I’m working on an addressable LED controller and wanted your feedback on the design/features I have included so far. Lightsaber will be a lot like the REV Blinkin, except it will take cues through CAN bus and the animations will be customizable through a desktop application. I’ve also included a microphone for sound-reactive animations, but i have yet to decide how to implement this in software. (this is all theoretical and very subject to change)
haha, I just figured that Disney might not like me calling it Lightsaber. I was thinking that only one continuous string would be needed, and in the “animation maker” you could define zones for what each section of the chain is, but the STM32 has enough timers for me to support more. I’ll definitely consider it.
As for power, the 5v regulator i’m using is rated for something ridiculous like 5 or 6 amps, which should be plenty for any string. My main concern for power delivery is actually more the length of the strip than the current.
A single meter of 144LED/m neopixels uses 7A. I think you could exceed 5A if you do something excessive like this: https://i.imgur.com/m1Dnx2sh.jpg . Our regulator was maybe in the 15A range on that robot. That being said, no reasonable person should use that many LEDs, or if they do they should have the ability to wire it themselves. IIRC we had double-sided power for the long strings on the robot in the picture and wired power and data separately. Maybe 22AWG for data then 18 for power.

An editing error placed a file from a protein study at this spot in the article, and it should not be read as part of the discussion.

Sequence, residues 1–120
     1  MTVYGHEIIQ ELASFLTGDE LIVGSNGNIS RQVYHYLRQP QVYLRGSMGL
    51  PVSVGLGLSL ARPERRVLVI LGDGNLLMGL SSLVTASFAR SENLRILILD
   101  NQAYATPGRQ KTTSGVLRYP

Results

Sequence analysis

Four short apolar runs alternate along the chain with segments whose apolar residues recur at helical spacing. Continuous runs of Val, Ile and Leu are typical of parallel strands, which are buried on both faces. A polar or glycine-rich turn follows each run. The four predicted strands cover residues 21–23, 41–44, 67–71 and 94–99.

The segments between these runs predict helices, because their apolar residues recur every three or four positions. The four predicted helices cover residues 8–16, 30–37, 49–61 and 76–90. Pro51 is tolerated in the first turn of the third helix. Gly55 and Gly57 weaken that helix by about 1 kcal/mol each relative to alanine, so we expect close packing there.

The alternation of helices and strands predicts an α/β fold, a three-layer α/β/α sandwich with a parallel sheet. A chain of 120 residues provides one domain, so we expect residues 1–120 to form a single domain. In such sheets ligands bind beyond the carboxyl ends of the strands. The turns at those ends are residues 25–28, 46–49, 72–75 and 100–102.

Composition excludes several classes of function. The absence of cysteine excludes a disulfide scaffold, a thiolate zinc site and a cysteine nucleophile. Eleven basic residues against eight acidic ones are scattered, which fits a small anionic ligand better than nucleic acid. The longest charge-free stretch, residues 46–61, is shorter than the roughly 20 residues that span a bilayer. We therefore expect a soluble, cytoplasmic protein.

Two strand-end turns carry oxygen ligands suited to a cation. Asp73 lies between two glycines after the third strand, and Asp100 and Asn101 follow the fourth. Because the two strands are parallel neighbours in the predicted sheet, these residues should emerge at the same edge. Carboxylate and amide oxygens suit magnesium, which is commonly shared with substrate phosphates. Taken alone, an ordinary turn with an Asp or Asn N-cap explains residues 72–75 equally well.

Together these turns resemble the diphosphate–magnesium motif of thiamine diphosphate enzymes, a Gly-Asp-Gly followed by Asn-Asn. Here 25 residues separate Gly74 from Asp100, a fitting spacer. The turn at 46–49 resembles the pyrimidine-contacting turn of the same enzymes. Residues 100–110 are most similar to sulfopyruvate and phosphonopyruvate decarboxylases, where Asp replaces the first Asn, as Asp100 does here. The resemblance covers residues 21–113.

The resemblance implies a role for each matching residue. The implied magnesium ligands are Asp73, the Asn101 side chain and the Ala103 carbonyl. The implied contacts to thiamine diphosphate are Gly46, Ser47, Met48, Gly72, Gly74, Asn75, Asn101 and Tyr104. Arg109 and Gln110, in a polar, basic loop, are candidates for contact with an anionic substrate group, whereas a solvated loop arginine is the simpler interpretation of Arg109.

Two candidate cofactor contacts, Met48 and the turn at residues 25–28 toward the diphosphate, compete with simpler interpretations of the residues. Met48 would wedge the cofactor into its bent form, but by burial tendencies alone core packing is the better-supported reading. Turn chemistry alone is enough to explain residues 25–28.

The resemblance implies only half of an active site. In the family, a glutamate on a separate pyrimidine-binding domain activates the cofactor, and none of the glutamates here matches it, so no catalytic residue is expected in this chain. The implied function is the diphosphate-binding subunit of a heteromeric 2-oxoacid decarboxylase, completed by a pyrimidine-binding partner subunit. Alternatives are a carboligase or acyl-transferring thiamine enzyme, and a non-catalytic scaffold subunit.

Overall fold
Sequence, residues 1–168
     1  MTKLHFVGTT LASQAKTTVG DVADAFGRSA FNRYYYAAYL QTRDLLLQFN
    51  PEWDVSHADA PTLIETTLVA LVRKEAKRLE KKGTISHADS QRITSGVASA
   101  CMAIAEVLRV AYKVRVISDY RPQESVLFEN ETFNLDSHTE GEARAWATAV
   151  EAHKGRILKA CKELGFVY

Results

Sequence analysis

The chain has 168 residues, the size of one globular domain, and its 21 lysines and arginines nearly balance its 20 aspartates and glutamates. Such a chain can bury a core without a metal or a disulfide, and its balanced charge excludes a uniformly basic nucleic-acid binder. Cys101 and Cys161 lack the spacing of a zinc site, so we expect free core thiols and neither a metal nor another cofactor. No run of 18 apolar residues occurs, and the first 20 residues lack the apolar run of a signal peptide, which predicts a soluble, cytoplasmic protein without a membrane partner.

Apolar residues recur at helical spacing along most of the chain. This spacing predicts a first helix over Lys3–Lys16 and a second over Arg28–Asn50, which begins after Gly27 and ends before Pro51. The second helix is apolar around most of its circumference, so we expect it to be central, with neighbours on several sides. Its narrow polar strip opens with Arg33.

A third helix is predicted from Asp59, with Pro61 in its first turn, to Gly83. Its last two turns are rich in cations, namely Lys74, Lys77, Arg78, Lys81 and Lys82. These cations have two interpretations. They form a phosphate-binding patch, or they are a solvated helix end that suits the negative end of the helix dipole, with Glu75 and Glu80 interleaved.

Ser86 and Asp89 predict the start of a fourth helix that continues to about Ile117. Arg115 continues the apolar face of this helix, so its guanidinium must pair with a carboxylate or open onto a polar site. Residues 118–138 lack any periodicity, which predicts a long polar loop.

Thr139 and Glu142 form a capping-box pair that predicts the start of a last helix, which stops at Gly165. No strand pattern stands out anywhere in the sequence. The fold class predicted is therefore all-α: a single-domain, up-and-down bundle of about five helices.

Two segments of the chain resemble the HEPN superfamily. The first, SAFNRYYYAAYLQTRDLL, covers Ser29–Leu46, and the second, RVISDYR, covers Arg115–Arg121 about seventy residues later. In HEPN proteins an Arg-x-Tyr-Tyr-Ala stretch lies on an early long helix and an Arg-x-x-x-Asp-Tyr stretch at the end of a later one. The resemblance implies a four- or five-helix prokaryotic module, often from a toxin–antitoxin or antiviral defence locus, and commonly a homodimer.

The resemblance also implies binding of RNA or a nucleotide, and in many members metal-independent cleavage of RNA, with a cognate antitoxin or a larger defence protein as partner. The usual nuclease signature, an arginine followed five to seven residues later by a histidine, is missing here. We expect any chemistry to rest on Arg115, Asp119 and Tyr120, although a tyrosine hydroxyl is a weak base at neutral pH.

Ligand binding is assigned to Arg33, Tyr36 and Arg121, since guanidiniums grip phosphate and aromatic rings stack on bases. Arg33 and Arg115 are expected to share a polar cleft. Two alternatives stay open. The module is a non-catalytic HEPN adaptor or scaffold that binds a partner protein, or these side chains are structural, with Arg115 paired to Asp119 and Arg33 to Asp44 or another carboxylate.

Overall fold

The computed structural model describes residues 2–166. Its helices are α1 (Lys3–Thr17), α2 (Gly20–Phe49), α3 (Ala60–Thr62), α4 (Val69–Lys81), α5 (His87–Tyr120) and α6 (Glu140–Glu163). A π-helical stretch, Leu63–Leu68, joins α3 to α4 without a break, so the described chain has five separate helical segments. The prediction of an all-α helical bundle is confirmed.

It would be nice to have the extra ports so that the LED layout could be more of an “octopus” and less of a “snake”.
I’d retitle the thread - I was worried you were skirting copying IP from Rev or someone else in the community (a parallel to the Limelight-related “did u kno its a raspberry pi in a case?? flash your own!” stuff that pops up every few months), rather than just making fun of your name. At the very least, if you need to keep the lawsuit reference, something like “that Disney might sue me to rename”.
For those of us who work in professional Engineering, lawsuits especially about IP are not something to joke about.
I’m building a lightsaber in our team colors for the upcoming competition season. Check out the opensource Proffieboard. One of these might end up on our robot to make lightsaber swinging and clashing sounds (and lighting effects) during matches.
When building switching regulators for the load current levels you are wanting to work at, the PCB layout has to be done correctly. If not, electrical noise from the switching devices can cause mis-operation in the microcontroller. It can also interfere with the switching regulator chips, possibly leading to instantaneous catastrophic failure as one coworker found out.
The buck inductors need to be chosen correctly to avoid saturation under full load conditions.